The ventricular arrhythmogenic dose of epinephrine (ade) was determined in 6 dogs anesthetized with halothane alone or with halothane after injection of tiletamine/zolazepam (tz). Respiratory rate and tidal volume were controlled and sodium bicarbonate was administered to maintain arterial pH and blood gas values within reference range. Heart rate and arterial blood pressure were recorded during determination of the ade. The ade (mean ± sd) was no different during anesthesia with use of halothane alone (8.9 ± 4.3) than it was when injections of tz preceded administration of halothane (6.7 ± 2.8). Tiletamine/zolazepam was also administered iv immediately after determination of the ade during halothane-induced anesthesia. The tz administered in this manner did not alter the ade. Blood pressure and heart rate were significantly greater during infusion of epinephrine than immediately prior to infusion. The administration of tz did not alter blood pressure response.

The ade was also determined in 6 cats anesthetized with halothane preceded by administration of tz. The ade (mean ± sd) was 0.7 ± 0.23 μg/kg, a value similar to that reported for cats during anesthesia with halothane alone.

Free access
in American Journal of Veterinary Research

SUMMARY

The cardiovascular effects of xylazine and detomidine in horses were studied. Six horses were given each of the following 5 treatments, at 1-week intervals: xylazine, 1.1 mg/kg, iv; xylazine, 2.2 mg/kg, im; detomidine, 0.01 mg/ kg, iv; detomidine, 0.02 mg/kg, iv; and detomidine, 0,04 mg/kg, im. All treatments resulted in significantly decreased heart rate, increased incidence of atrioventricular block, and decreased cardiac output and cardiac index; cardiac output and cardiac index were lowest following iv administration of 0.02 mg of detomidine/kg. Mean arterial pressure was significantly reduced for various periods with all treatments; however, iv administration of 0.02 nig of detomidine/kg caused hypertension initially. Systemic vascular resistance was increased by all treatments. Indices of ventricular contractility and relaxation, + dP/dt and − dP/dt, were significantly depressed by all treatments. Significant changes were not detected in stroke volume or ejection fraction. The pcv was significantly reduced by all treatments. Respiratoiy rate was significantly decreased with all treatments, but arterial carbon dioxide tension did not change. Arterial oxygen tension was significantly decreased briefly with the 3 iv treatments only.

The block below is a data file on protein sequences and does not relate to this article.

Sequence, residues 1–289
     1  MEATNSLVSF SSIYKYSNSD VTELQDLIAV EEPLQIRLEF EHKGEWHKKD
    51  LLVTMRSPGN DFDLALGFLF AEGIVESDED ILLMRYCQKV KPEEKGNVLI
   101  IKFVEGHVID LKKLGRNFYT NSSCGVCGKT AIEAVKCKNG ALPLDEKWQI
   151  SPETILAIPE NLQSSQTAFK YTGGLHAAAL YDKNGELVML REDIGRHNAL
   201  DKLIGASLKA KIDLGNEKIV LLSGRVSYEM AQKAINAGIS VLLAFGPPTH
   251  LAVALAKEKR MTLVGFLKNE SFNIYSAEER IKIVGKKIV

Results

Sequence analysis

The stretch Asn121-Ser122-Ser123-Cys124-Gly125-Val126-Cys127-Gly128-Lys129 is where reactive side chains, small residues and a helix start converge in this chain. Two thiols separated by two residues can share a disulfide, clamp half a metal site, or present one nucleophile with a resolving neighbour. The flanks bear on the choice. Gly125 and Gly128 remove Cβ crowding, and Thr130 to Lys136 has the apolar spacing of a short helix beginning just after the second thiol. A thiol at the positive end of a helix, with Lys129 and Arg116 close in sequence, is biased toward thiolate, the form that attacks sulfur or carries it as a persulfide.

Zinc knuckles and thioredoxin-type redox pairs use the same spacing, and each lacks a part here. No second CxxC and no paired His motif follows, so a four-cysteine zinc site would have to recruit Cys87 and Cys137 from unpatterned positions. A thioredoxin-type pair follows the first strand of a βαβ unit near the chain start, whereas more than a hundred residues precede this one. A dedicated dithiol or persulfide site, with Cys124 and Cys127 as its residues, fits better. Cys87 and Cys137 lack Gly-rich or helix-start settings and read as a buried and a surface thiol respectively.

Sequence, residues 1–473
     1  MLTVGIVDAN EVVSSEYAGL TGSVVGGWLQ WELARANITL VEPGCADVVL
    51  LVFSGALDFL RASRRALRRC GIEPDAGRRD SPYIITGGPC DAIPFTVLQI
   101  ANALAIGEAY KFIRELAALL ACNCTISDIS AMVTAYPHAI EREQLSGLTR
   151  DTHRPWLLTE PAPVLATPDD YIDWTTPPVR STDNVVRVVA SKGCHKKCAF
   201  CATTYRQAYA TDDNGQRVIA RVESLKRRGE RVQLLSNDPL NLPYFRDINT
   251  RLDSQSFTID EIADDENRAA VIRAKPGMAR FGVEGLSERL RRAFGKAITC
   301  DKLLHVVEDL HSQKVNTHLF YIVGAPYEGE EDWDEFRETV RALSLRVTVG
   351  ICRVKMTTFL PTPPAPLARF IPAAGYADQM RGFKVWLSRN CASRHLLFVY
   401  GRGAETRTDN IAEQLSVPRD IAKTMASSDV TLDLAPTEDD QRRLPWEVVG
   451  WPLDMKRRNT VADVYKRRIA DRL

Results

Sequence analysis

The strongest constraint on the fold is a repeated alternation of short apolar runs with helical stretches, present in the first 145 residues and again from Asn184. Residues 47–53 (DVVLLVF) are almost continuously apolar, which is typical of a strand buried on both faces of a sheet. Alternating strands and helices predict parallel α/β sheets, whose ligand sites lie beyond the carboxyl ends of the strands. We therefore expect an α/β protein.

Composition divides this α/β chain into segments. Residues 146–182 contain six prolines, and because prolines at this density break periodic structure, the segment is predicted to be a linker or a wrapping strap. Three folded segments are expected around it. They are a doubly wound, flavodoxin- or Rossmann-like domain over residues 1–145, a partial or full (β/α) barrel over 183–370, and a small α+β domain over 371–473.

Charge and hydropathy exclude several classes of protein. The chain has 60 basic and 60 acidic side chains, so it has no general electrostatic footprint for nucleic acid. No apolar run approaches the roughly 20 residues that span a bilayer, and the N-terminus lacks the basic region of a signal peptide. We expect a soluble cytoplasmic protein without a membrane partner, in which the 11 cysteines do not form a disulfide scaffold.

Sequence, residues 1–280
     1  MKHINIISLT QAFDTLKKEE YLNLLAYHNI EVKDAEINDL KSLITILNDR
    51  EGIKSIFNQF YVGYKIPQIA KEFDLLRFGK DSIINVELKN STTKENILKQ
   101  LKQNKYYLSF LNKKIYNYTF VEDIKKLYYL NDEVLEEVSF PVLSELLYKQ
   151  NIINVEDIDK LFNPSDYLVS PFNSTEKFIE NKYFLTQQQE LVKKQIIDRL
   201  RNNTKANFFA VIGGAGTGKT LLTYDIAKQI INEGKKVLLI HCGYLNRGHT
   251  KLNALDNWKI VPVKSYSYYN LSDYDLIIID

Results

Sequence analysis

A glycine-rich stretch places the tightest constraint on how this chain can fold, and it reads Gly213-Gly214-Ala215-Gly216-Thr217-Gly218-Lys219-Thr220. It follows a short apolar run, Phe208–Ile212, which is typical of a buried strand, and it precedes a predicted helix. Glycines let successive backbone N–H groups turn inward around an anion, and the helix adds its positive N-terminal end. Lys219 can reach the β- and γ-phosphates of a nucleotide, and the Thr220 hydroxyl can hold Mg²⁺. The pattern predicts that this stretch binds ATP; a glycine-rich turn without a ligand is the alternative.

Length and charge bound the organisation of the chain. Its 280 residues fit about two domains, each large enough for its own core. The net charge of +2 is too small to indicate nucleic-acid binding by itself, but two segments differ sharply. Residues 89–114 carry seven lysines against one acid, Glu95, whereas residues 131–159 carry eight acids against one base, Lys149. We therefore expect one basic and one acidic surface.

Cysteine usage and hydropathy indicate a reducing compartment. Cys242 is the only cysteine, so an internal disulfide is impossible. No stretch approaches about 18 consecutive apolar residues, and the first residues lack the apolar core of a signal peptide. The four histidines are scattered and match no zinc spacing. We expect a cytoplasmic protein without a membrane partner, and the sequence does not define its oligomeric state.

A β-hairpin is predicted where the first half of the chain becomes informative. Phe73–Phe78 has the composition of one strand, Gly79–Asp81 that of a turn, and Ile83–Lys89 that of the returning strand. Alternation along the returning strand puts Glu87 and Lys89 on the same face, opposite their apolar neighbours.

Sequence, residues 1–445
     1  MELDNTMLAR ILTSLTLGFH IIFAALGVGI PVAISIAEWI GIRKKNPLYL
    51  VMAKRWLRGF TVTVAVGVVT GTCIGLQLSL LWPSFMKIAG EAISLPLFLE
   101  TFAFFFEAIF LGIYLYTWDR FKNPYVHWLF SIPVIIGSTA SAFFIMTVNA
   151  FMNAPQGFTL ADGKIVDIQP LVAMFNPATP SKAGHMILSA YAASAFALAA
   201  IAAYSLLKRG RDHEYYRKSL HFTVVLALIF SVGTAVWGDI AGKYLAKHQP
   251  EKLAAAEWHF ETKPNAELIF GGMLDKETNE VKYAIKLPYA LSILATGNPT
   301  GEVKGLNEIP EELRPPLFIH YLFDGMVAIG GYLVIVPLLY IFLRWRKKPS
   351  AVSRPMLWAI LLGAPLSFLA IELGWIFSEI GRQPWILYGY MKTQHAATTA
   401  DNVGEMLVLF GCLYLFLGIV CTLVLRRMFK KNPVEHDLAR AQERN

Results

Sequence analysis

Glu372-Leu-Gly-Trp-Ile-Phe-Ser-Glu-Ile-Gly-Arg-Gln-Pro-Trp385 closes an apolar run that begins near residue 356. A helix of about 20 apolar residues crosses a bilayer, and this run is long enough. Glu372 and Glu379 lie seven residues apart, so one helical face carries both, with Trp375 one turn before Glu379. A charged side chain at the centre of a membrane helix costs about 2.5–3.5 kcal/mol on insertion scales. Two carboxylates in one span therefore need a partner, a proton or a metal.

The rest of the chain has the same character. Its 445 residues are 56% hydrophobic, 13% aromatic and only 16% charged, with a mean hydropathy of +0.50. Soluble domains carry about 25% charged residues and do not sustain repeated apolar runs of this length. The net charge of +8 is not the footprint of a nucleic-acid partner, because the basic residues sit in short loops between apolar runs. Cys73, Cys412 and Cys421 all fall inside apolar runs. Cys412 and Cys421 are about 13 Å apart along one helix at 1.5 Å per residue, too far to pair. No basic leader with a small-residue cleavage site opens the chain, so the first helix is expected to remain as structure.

Free access
in American Journal of Veterinary Research

Abstract

Objective—To evaluate the cardiovascular effects of total IV anesthesia with propofol (P-TIVA) or ketamine-medetomidine-propofol (KMP-TIVA) in horses.

Animals—5 Thoroughbreds.

Procedures—Horses were anesthetized twice for 4 hours, once with P-TIVA and once with KMP-TIVA. Horses were medicated with medetomidine (0.005 mg/kg, IV) and anesthetized with ketamine (2.5 mg/kg, IV) and midazolam (0.04 mg/kg, IV). After receiving a loading dose of propofol (0.5 mg/kg, IV), anesthesia was maintained with a constant rate infusion of propofol (0.22 mg/kg/min) for P-TIVA or with a constant rate infusion of propofol (0.14 mg/kg/min), ketamine (1 mg/kg/h), and medetomidine (0.00125 mg/kg/h) for KMP-TIVA. Ventilation was artificially controlled throughout anesthesia. Cardiovascular measurements were determined before medication and every 30 minutes during anesthesia, and recovery from anesthesia was scored.

Results—Cardiovascular function was maintained within acceptable limits during P-TIVA and KMP-TIVA. Heart rate ranged from 30 to 40 beats/min, and mean arterial blood pressure was > 90 mm Hg in all horses during anesthesia. Heart rate was lower in horses anesthetized with KMP-TIVA, compared with P-TIVA. Cardiac index decreased significantly, reaching minimum values (65% of baseline values) at 90 minutes during KMP-TIVA, whereas cardiac index was maintained between 80% and 90% of baseline values during P-TIVA. Stroke volume and systemic vascular resistance were similarly maintained during both methods of anesthesia. With P-TIVA, some spontaneous limb movements occurred, whereas with KMP-TIVA, no movements were observed.

Conclusions and Clinical Relevance—Cardiovascular measurements remained within acceptable values in artificially ventilated horses during P-TIVA or KMP-TIVA. Decreased cardiac output associated with KMP-TIVA was primarily the result of decreases in heart rate.

Full access
in American Journal of Veterinary Research